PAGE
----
Get the inside story of how and why these two A-listers decided to retire from the blogosphere. They cite the time factor and re-ordering priorities as the main reasons. And one talks about wanting more “privacy.

More…

Newest Entrant to Pro Blogging Game: DealBreaker.com

Posted by: of ExecutiveSummary.com on 03/31/06

For those watching the world of blog publishing ventures, the latest one to watch launched this week, DealBreaker.com. This is first in what promises to be a series of blog sites, a la Gawker Media. And speaking of Gawker, what’s most exciting about DealBreaker, an invective gossip blog about Wall St. and high finance, is that it heralds the return to the blogosphere (in a real way) of the first true It Girl of blogging, Elizabeth Spiers, Gawker.com’s original editor.

The new blog’s introductory post promises:

[H]ere’s what you will find: posts about the precise size of the guitar collection on Paul Allen’s yacht spaceship, posts about the disparity between what Aswath Damodaran thinks is the dark side of valuation and what we think is the dark side of valuation (hint: high-quality cocaine), banker body counts (thank you, John Mack), interviews with people about how much money they make and whether they sometimes buy things just so they can throw them away, sightings of Eliot Spitzer, pitchbook origami, fun with league tables, and so on. And occasionally we’ll break news or do something that’s otherwise useful. Which will be entirely an accident. We apologize in advance.

Just out of beta, the site already appears to have legit ads from the likes of Universal Studios, CFO.com and others.

During her run as editor of Gawker, it would be fair to say that Spiers was overexposed as a media darling postergirl for blog hype. But it was all well deserved, as her genius for short-form snark remains virtually unmatched in the blogosphere before or since. (Full disclosure: she and I are good friends, and I’m secretly in love with her. Oops, too much disclosure…)

After Gawker, she went on to join the staff of New York Magazine, writing for the print magazine and its short-lived blog The Kicker. From there, she ran the editorial department of the journalism resources site MediaBisto for a year or so, including launching a suite of media-watching blogs there. Both jobs honed her journalism and management chops, I’m sure, but they didn’t showcase her preternatural blogging talents to their fullest. I’m keeping my fingers crossed that DealBreaker matches the brilliance of her original (and my favorite) blog, Capital Influx, which, like DealBreaker, obsessed a lot on Wall Street misdeeds (as well as Christopher Hitches, Jonathan Franzen and some other pet interests). Or at least I hope it gives Gawker a run for its money in the industry-niche gossip rags sector.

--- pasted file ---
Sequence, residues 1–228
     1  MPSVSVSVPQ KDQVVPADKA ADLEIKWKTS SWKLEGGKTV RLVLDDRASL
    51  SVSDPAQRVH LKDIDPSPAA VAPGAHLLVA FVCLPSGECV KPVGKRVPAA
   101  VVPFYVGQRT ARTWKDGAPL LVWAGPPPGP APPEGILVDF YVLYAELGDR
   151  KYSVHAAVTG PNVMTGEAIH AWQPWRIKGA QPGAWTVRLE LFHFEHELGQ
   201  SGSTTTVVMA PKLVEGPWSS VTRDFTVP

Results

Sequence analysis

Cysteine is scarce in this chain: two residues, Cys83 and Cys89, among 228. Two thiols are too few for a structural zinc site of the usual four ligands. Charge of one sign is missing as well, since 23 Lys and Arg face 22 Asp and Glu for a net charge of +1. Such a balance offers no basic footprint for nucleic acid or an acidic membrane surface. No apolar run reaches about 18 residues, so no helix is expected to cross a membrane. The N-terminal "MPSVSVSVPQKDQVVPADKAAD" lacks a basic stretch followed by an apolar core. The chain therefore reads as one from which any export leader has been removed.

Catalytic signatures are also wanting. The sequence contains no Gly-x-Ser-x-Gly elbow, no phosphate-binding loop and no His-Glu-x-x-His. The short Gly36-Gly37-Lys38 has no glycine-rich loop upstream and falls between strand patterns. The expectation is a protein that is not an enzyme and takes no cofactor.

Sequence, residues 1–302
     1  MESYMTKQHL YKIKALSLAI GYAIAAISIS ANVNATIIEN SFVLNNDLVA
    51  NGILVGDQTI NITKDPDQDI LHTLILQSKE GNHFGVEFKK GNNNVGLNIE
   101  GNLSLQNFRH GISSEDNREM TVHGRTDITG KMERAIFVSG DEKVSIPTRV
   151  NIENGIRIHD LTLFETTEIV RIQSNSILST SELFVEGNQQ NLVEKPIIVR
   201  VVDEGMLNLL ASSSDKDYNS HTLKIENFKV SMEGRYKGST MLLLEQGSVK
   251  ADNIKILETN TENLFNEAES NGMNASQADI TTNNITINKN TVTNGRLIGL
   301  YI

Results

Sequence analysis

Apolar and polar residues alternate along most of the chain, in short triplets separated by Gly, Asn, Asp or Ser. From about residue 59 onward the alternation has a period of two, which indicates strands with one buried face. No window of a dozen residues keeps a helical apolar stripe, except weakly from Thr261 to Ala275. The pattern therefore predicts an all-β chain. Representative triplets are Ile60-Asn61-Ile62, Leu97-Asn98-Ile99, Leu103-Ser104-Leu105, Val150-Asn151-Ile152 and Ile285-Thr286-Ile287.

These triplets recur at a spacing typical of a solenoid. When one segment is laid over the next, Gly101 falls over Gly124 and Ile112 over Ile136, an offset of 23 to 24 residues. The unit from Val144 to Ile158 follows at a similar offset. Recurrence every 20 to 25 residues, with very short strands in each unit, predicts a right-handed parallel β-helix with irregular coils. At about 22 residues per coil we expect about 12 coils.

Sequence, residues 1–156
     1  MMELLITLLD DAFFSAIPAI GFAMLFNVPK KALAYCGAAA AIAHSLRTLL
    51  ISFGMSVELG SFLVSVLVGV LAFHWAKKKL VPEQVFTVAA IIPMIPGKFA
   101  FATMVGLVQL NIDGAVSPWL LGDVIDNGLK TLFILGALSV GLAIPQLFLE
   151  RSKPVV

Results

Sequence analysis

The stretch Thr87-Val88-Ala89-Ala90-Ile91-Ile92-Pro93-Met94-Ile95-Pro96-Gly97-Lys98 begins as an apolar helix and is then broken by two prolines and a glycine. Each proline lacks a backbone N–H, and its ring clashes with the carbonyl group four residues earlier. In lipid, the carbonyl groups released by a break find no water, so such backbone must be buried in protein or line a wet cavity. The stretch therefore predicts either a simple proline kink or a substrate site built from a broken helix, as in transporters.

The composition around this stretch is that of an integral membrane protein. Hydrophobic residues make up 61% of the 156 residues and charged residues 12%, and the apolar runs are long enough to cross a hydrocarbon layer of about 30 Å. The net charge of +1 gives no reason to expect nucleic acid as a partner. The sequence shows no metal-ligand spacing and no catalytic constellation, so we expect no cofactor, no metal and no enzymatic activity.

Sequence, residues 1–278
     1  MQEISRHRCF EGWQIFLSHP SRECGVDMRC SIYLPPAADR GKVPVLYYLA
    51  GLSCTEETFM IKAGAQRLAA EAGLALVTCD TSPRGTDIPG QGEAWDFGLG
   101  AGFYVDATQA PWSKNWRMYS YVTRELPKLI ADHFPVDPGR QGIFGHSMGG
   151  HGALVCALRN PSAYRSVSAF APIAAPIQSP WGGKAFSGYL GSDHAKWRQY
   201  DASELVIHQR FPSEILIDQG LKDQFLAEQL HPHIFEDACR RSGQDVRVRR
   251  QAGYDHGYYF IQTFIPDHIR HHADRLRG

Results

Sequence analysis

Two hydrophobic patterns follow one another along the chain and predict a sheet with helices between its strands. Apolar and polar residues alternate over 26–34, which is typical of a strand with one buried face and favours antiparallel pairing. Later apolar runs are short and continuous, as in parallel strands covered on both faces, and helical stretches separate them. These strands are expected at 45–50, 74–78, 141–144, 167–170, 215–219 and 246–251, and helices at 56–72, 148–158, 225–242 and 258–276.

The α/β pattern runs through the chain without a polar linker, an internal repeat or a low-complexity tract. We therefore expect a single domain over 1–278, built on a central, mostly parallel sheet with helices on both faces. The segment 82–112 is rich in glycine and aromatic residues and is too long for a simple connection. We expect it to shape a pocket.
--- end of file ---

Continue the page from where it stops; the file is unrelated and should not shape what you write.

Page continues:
Investment partners with Spiers in the new ventures (which has a yet-to-be-announced publishing company name) are Justin Smith, president of The Week Magazine, and Carter Burden, CEO of web hosting company Logicworks. Spiers is also at work on a novel And They All Die in the End, a satire about the world of Wall Street, to be published by Riverhead (Penguin) in 2007.

Happy Birthday BusinessBlogConsulting.com

Posted by: of ExecutiveSummary.com on 03/30/06

I just realized this site recently passed its second anniversary (born sometime in March 2004). Hooray for us!

PR Case Study: How Not to Email a Blogger

Posted by: of ExecutiveSummary.com on 03/30/06

[Skip to NEW UPDATE]

You want me to write about your stupid company, Greg? Okay, here you go. (Let this be a lesson to the rest of you!)

From: gregs@[mystupidcompany].com
To: Rick Bruner
Date: 30 Mar 2006 15:02:28 -0500
Subject: [mystupidcompany].COM = Restaurant Finder

Well here is my question………I need to get my name out there…I read your Blog it is about websites which is what [mystupidcompany].COM is. I need people that are internet savy to look at my site.

Do your readers eat out? If the answer is yes then why not right a small blurb about [mystupidcompany].com

Let me know how to aproach guys like you in the future…….so that I can better prepare myself.

Thank you for the guidence, also let me know what to put in the title.

Have a great day

Greg

—–Original Message—–
From: Rick Bruner
Sent: Thu, 30 March 2006 19:12:01
To: gregs@[mystupidcompany].com
Subject: Re: *****PLEASE READ****

Not that I want to get into a big thing over this, but you don’t know me, your business has nothing to do with anything I write about, and your subject line is obnoxious. I realize you’re not harvesting addresses and sending out a million emails in a batch, but anyway it’s not what I would call best-practice PR.